Tromp: Job cuts, program cuts inevitable at Boise State

Boise State University will have to cut jobs and operations in order to manage the fiscal fallout from the coronavirus pandemic, President Marlene Tromp said Tuesday.

“We have yet to see the full breadth of economic impact from these uncertain times,” Boise State University President Marlene Tromp said Tuesday.

“Going forward, we will have some cuts in our workforce and operations, striving to mitigate the impact on our people as much as possible,” Tromp said in a memo to the university community. “Some of these may happen with more immediacy, depending upon the considerations in each unit. There also will be places in which we will need to invest to secure a healthy future for our university. Determinations in each unit will unfold over time and are dependent on the highest needs in those areas.”

While the memo did not lay out details on layoffs or program cuts, it spelled out the scope of the financial crisis facing the state’s largest university.

  • The athletic department faces at least a $10 million to $15 million loss — and if the football season is canceled, the losses could reach $25 million to $30 million.
  • A state budget holdback cut Boise State’s 2020-21 tax revenues by $5.4 million. And the university does not anticipate receiving any new revenue for pay raises or increased benefits costs, and expects no new revenue to cover costs related to enrollment increases. “This significantly reduces our resources to support our most valuable asset for our mission: the employees that make our university great.”
  • In an effort to open for the fall — with a blend of online and face-to-face learning — the university hired 25 new public health employees and made a “significant investment” to convert Extra Mile Arena and the Morrison Center into socially distanced classroom space, Tromp said. “It has also become increasingly urgent that we make additional investments in counseling services to better support the mental health needs of our community,” she wrote.

The memo included one glimmer of good news on enrollment — but even this was mixed.

Enrollment increased slightly, by about 0.5 percent. Graduate school enrollment increased and Boise State saw a surge in out-of-state enrollment, as students fled states where colleges and universities went entirely online. For new undergraduate students from Idaho, enrollment dropped by 6 percent. “This decline likely has occurred for financial reasons,” Tromp wrote. “Many families experienced job loss and either couldn’t afford to send a student to school or needed the student to help support the family.”

Tuesday’s memo outlined the latest in a series of cost-cutting moves at Boise State. This spring, Tromp ordered staff furloughs to offset sudden coronavirus-related revenue losses. The university also phased out professional staff contracts, a move that could allow the university to lay off workers or cut positions.

 

Here is Tromp’s memo, in full:

 

Dear colleagues,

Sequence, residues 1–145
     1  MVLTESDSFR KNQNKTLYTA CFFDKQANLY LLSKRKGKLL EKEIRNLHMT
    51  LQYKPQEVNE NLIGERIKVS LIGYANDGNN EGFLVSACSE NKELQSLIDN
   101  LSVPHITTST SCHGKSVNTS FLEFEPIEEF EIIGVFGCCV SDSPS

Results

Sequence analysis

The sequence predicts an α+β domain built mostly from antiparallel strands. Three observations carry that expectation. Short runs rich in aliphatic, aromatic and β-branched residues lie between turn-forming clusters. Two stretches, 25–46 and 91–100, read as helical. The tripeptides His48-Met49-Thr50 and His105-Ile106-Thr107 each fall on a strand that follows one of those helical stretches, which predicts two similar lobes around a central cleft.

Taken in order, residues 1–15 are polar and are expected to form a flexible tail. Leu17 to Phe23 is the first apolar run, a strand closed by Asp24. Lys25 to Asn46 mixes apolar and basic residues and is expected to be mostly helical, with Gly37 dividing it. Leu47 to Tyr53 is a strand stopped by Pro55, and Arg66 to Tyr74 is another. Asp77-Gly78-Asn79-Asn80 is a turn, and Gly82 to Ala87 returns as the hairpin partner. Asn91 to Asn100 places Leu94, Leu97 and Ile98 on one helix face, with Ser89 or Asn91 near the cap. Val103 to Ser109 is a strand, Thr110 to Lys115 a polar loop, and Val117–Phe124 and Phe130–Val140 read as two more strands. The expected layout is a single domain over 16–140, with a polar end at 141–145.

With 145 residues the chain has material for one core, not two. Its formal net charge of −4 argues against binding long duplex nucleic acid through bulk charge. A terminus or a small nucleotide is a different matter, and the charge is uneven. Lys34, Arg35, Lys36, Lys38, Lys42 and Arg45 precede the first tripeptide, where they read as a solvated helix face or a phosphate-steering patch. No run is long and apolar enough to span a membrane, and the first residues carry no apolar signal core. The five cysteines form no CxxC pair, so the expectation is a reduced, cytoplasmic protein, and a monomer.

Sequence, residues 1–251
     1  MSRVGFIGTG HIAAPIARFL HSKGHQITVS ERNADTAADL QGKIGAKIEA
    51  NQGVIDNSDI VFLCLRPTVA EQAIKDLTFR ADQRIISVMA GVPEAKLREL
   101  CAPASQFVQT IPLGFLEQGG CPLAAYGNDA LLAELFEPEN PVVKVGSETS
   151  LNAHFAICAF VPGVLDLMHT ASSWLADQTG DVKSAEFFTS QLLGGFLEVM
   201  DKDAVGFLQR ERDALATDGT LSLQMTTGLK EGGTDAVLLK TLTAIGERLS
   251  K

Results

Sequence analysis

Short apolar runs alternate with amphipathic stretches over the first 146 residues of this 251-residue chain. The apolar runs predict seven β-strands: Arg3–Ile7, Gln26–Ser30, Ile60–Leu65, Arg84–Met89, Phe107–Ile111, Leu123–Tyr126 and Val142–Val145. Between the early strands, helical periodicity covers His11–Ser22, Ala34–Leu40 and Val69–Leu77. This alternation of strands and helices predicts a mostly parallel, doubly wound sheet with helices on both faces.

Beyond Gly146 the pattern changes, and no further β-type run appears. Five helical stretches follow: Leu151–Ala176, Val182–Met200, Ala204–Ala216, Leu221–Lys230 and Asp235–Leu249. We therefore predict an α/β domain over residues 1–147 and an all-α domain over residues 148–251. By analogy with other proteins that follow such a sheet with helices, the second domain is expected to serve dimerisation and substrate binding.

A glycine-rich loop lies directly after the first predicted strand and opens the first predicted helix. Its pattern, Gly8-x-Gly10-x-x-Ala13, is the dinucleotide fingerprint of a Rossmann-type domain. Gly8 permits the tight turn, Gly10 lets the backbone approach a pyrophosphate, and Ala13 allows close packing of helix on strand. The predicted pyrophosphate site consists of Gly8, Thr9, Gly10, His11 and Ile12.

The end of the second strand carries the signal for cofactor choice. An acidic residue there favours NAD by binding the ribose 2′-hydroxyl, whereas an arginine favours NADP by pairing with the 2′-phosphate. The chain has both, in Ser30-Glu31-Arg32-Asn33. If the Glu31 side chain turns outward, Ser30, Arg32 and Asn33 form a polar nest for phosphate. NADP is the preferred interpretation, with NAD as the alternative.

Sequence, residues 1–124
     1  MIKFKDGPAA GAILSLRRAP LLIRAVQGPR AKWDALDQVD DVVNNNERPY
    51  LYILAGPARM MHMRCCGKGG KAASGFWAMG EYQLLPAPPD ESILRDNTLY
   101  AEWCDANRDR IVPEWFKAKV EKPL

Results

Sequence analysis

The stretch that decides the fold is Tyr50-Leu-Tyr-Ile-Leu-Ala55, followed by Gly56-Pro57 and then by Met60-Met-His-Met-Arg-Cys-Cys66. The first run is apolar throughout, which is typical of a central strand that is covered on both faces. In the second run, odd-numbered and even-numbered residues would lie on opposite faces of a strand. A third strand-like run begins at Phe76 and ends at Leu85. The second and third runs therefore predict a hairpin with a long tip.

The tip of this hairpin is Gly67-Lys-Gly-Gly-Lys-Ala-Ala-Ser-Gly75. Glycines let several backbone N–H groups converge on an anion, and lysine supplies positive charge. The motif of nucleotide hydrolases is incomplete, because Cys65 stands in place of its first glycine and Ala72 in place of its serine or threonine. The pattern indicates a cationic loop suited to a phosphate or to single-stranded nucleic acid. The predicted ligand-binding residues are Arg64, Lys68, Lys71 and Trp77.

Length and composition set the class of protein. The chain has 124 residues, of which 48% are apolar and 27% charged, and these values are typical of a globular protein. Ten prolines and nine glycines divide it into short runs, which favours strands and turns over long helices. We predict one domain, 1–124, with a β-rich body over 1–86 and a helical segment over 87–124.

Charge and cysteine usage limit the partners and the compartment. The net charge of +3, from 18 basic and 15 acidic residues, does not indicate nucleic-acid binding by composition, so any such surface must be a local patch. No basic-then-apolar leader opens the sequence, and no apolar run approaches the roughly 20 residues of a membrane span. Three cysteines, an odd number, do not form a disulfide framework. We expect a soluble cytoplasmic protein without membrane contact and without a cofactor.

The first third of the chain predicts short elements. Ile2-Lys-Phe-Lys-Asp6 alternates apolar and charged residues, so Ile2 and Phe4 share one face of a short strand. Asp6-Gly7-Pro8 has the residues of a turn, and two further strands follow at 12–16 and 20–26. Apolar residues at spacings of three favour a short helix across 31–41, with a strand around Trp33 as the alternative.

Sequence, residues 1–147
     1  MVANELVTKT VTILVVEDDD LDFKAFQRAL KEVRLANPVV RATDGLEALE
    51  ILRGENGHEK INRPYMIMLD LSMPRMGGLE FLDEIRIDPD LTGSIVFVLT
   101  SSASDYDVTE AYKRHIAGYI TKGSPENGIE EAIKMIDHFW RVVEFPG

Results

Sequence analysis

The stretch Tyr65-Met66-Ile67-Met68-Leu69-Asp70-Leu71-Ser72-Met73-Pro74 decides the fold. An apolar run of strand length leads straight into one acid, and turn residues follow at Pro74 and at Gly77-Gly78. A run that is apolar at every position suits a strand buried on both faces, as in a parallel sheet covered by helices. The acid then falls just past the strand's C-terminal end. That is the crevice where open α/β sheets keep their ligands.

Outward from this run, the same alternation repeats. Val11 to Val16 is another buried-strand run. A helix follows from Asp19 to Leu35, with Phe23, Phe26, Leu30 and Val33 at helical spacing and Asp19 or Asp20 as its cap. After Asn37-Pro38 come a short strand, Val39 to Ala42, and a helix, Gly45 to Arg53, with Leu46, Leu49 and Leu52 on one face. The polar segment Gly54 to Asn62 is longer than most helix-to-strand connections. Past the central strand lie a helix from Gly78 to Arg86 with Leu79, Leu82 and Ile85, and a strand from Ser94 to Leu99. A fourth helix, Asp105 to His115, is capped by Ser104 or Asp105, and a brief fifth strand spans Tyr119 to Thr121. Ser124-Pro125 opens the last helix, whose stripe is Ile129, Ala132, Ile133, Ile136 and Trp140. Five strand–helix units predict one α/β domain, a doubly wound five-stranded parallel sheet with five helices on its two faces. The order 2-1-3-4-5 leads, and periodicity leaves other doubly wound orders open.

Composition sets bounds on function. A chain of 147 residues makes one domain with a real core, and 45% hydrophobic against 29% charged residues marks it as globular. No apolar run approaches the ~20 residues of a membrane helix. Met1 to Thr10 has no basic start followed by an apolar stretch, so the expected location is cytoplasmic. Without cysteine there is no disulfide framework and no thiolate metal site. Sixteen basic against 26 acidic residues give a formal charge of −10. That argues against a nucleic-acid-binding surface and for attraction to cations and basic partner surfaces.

I write today to update you on our budget situation, as I promised I would in the spring.

Context

This year has been filled with more challenges than many of us could have imagined. The pandemic, followed by an economic crisis, and then impassioned Black Lives Matter protests and counter-protests, and now the fires that are plaguing the West Coast and Northwest. These events have layered on significant stressors for all members of our community. The uncertainties have been painful for everyone, perhaps especially for those with children who are schooling at home and for Bronco families — those folks who have multiple family members employed at Boise State. At the outset, I want to acknowledge the toll this has taken on our community.   

One of the most frustrating factors for all of us in this process has been the impossibility of predicting the future. We can’t know with certainty when we will have a vaccine, more widespread and faster testing, better treatments or less restrictions, nor can we predict the impacts of any medical advances, including how they will influence people’s behavior and student choices. We have yet to see the full breadth of economic impact from these uncertain times.

I deeply regret these stressors, and I’m so sorry our community has experienced so much strain. I look forward to a period when our world feels more predictable, once again. As one colleague said to me, “I would be grateful for some precedented times, instead of so many unprecedented ones.”

In spite of all the hardships, our community has been so creative, innovative and responsive to the challenges we face. Thank you most sincerely for the work that made possible our reopening and our fall term. 

Financial Factors

This spring, I identified the unexpected financial pressures (about $14 million in refunds and a significant reduction in revenues from auxiliaries, like the Bronco Shop, Morrison Center and Extra Mile Arena), as well as some additional factors that would play a key role in our budget for this fall. Some factors have abated; others have become more pressing. I outline them here for clarity, and will discuss each one.

– Enrollment  
– Athletics
– Reduction in Revenues
– State Budget Cuts
– COVID-Related Expenses
– Additional Unexpected COVID-Related Costs

Enrollment